Boards missing a SOX audit disclosure opportunity


September 4, 2018
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The Rules of Reporting

SOX's Financial Expert Requirement 15 Years Later

By Ann C. Mulé

In the 15 years since the Sarbanes-Oxley Act of 2002 (SOX) was passed, large institutional investors have been “finding their voice” and sharing their views of board expectations with regard to composition, accountability and transparency.

One of the most important aspects of the legislation was that it added additional requirements for the audit committee — the board’s financial-oversight lynchpin — in an effort to strengthen it.

SOX required an annual disclosure of whether or not the board of directors had at least one audit committee financial expert (ACFE) on its audit committee, and if so, the expert’s name and whether or not they were independent of management.

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Top of Mind

What Directors Are Thinking

By Eve Tahmincioglu

Kapila Anand, director of WomenCorporateDirectors, Extended Stay America, ESH Hospitality and Omega Healthcare Investors, Inc.: Board diversity has been on the minds of many nominating and governance (N&G) committees, but the last year has brought a new level of urgency to the topic. Investor and other stakeholder interest, proxy advisory firm commentary and the spotlight on cultural issues (from #MeToo to gender pay parity) have certainly contributed to this heightened focus.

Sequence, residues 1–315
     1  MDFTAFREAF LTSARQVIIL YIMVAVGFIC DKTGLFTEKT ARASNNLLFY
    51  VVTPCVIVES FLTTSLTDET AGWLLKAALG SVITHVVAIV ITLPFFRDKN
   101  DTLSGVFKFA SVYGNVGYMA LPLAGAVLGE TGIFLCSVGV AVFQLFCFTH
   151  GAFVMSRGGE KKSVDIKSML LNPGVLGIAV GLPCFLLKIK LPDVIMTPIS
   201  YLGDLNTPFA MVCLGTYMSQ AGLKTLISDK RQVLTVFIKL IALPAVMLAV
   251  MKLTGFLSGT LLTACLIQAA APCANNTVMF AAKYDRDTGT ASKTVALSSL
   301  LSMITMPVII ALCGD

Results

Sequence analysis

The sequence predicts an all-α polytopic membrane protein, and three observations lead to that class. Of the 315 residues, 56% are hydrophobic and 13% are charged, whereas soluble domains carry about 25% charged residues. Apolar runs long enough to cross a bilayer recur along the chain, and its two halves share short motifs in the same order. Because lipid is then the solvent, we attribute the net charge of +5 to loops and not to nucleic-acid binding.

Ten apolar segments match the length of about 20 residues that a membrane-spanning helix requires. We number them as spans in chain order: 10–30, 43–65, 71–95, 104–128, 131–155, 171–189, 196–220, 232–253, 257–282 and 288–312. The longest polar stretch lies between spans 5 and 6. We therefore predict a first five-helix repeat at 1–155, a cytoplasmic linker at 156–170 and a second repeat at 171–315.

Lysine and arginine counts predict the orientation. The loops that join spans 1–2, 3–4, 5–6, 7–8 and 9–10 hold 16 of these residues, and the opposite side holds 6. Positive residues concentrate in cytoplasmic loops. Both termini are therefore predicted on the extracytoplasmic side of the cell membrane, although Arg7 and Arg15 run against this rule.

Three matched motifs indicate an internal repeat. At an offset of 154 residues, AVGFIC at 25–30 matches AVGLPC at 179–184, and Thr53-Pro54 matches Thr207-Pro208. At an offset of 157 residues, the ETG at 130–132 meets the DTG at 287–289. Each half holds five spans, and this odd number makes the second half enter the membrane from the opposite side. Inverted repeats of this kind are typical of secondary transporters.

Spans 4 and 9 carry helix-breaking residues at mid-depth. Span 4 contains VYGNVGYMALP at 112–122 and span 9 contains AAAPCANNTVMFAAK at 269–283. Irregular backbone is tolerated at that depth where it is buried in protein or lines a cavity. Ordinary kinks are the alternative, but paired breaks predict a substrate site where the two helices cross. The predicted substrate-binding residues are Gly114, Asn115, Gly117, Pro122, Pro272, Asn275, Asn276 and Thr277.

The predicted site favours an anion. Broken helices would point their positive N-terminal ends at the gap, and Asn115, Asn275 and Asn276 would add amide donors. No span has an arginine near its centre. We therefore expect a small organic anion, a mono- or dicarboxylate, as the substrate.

Robert Herz, director of Fannie Mae, Morgan Stanley, Paxos, Workiva: There’s an old axiom in the world of corporate reporting that says, “What you measure and report matters.” The very important corollary to this is, “So measure and report what matters.” That’s what many investors are now increasingly asking of companies when it comes to ESG [environmental, social & governance issues] and other sustainability matters.



Big Changes Ahead for Whistleblower Standards

The thorny issue of whistleblower retaliation may be getting thornier.

Evolving standards affecting the treatment of whistleblowers, including the U.S. Supreme Court's decision in Digital Realty Trust, Inc. v. Somers, and the U.S. Securities and Exchange Commission’s (SEC) recently proposed amendments to its whistleblower program, are changing the nature of the relationship between putative whistleblowers and companies.

As a result, directors cannot afford to adopt a laissez-faire attitude about such programs once they are implemented because employees are now heavily incentivized to report directly to the SEC. Directors must be vigilant in cultivating a culture of internal reporting so that employees will report internally as well as to the SEC. This is crucial to protect the company from being blind-sided if an SEC investigation arises out of the whistleblower’s complaint.

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